Globalisation, the increasing significance of emerging economies, the borderless nature of the growing digital economy, and the proliferation of competition regimes have caused a significant increase in the complexity of cross-border competition law enforcement co-operation. The OECD and its Competition Committee take a leading role in shaping the framework for international co-operation among competition enforcement agencies.
The OECD works on advancing consumer finance protection through informed choice that includes disclosure, transparency and education; protection from fraud, abuse and errors; and, recourse and advocacy.
The OECD Trust and Business (TNB) Project is a multidisciplinary and multi-stakeholder initiative that bridges the gap between international rules and standards for business and their implementation.
Global growth prospects have clouded this year. A further sharp slowdown in emerging market economies (EMEs) is weighing on global activity and trade, and subdued investment and productivity growth is checking the momentum of the recovery in the advanced economies.
Entrepreneurship at a Glance, a product of the OECD-Eurostat Entrepreneurship Indicators Programme, presents an original collection of indicators for measuring the state of entrepreneurship, along with key facts and explanations of the policy context. The 2015 edition features a special chapter on the international activities of SMEs.
A joint venture between the Korean government and the OECD, the Centre works with competition authorities in the Asian region to develop and implement effective competition law and policy. Read more about the Centre's work.
Governments can affect the way markets function, sometimes to the detriment of free competition. Ensuring a level playing field is therefore essential to allow competition to work properly. In June 2015, competition experts and delegates debated the challenges arising from state interventions in the market and what competition authorities can do to address the distortions that such interventions can create.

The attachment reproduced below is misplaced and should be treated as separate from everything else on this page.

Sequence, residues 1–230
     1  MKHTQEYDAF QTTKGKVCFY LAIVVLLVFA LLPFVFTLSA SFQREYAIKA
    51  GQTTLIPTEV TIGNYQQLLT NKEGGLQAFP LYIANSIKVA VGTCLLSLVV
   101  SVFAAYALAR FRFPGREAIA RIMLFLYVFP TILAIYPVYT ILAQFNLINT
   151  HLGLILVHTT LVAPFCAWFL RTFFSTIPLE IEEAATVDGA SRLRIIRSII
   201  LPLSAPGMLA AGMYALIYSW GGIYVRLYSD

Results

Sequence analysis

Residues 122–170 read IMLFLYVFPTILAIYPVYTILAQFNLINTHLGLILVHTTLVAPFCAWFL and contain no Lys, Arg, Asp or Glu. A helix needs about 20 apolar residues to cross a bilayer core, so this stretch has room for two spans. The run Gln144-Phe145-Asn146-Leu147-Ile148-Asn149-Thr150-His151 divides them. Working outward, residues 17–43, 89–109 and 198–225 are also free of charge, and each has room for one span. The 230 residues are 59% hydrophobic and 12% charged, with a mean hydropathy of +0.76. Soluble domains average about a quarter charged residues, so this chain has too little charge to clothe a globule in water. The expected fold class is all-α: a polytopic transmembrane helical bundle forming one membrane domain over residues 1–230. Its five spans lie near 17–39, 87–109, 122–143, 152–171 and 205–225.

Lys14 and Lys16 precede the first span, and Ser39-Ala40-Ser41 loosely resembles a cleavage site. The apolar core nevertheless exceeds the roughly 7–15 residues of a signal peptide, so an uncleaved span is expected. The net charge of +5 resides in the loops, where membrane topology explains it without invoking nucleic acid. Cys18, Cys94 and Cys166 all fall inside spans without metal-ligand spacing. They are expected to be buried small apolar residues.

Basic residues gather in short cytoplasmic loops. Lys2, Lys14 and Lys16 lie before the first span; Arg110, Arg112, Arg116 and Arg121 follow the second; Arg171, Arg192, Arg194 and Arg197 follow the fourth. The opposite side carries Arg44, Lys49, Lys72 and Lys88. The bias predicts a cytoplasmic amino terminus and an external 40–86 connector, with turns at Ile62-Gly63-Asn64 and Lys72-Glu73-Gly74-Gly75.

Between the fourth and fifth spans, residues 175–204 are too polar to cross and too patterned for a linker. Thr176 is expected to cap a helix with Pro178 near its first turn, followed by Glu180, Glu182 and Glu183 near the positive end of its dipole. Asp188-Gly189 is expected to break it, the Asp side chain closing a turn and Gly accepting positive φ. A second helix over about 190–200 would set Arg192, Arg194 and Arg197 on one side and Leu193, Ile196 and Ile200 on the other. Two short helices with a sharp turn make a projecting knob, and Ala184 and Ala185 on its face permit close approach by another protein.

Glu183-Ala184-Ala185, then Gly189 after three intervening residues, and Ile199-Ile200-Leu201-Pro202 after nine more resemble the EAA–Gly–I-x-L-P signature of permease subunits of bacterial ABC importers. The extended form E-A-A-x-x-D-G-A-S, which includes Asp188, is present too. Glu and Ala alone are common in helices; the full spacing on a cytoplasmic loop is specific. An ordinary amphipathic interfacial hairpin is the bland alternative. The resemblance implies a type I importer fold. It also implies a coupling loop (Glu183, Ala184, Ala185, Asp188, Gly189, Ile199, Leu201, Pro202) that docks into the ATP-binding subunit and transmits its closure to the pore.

View the list of competition meetings organised by the OECD Competition Committee, its working parties, international forums and regional centres for competition.
Since the return to democracy in 1999, Nigeria has embarked upon an ambitious reform programme towards greater economic openness and liberalisation. As a result, gross domestic product growth picked up consistently, never going below 5% since 2003. Nigeria has become a top recipient of foreign direct investment in Africa, with inflows having surpassed those to South Africa since 2009. The federal government’s Transformation Agenda recognises private sector development as the main engine for economic growth and includes bold investment reforms. Growth has however not yet been translated into inclusive development and the investment climate still suffers from severe challenges.
This Investment Policy Review examines Nigeria’s investment policies in light of the OECD Policy Framework for Investment (PFI), a tool to mobilise investment in support of economic growth and sustainable development. It provides an assessment and policy recommendations on different areas of the PFI: investment policy; investment promotion and facilitation; trade policy; infrastructure investment; competition; corporate governance and financial sector development. It also includes a special chapter analysing the PFI in Lagos State. The Review follows on the request addressed by the Minister of Industry, Trade and Investment of Nigeria to the OECD Secretary-General in December 2011. It has been prepared in close co-operation with the Federal Government of Nigeria and Lagos State Government.
English, PDF, 367kb
Recent structural reforms have improved Portugal’s competitiveness and long-term growth prospects. However, this generally positive message conceals significant variations between sectors and also obscures the very substantial opportunities that further reforms can bring.